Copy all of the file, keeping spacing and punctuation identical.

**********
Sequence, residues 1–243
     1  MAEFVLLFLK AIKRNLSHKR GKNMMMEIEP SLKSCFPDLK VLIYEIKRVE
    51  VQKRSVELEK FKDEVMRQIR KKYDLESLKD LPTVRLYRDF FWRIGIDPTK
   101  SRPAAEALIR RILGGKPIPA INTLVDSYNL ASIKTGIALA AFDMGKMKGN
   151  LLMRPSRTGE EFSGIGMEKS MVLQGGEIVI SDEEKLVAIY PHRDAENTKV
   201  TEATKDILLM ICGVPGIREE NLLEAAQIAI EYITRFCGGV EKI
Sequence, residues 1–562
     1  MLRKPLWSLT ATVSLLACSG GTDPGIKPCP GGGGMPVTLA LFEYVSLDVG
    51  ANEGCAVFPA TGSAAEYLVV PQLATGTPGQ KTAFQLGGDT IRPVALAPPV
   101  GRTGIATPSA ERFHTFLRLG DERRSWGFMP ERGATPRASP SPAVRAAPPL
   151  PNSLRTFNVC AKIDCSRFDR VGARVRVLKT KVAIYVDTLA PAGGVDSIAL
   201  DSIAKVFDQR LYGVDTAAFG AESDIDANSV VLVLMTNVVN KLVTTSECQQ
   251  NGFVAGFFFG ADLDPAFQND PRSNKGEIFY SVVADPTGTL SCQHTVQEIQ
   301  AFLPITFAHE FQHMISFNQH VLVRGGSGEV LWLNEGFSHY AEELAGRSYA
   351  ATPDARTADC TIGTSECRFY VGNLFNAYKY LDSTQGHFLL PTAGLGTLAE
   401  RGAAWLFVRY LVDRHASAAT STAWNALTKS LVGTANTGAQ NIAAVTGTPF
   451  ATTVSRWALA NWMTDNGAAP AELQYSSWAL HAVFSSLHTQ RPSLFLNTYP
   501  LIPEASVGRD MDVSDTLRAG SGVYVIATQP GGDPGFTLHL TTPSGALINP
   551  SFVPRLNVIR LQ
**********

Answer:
Sequence, residues 1–243
     1  MAEFVLLFLK AIKRNLSHKR GKNMMMEIEP SLKSCFPDLK VLIYEIKRVE
    51  VQKRSVELEK FKDEVMRQIR KKYDLESLKD LPTVRLYRDF FWRIGIDPTK
   101  SRPAAEALIR RILGGKPIPA INTLVDSYNL ASIKTGIALA AFDMGKMKGN
   151  LLMRPSRTGE EFSGIGMEKS MVLQGGEIVI SDEEKLVAIY PHRDAENTKV
   201  TEATKDILLM ICGVPGIREE NLLEAAQIAI EYITRFCGGV EKI
Sequence, residues 1–562
     1  MLRKPLWSLT ATVSLLACSG GTDPGIKPCP GGGGMPVTLA LFEYVSLDVG
    51  ANEGCAVFPA TGSAAEYLVV PQLATGTPGQ KTAFQLGGDT IRPVALAPPV
   101  GRTGIATPSA ERFHTFLRLG DERRSWGFMP ERGATPRASP SPAVRAAPPL
   151  PNSLRTFNVC AKIDCSRFDR VGARVRVLKT KVAIYVDTLA PAGGVDSIAL
   201  DSIAKVFDQR LYGVDTAAFG AESDIDANSV VLVLMTNVVN KLVTTSECQQ
   251  NGFVAGFFFG ADLDPAFQND PRSNKGEIFY SVVADPTGTL SCQHTVQEIQ
   301  AFLPITFAHE FQHMISFNQH VLVRGGSGEV LWLNEGFSHY AEELAGRSYA
   351  ATPDARTADC TIGTSECRFY VGNLFNAYKY LDSTQGHFLL PTAGLGTLAE
   401  RGAAWLFVRY LVDRHASAAT STAWNALTKS LVGTANTGAQ NIAAVTGTPF
   451  ATTVSRWALA NWMTDNGAAP AELQYSSWAL HAVFSSLHTQ RPSLFLNTYP
   501  LIPEASVGRD MDVSDTLRAG SGVYVIATQP GGDPGFTLHL TTPSGALINP
   551  SFVPRLNVIR LQ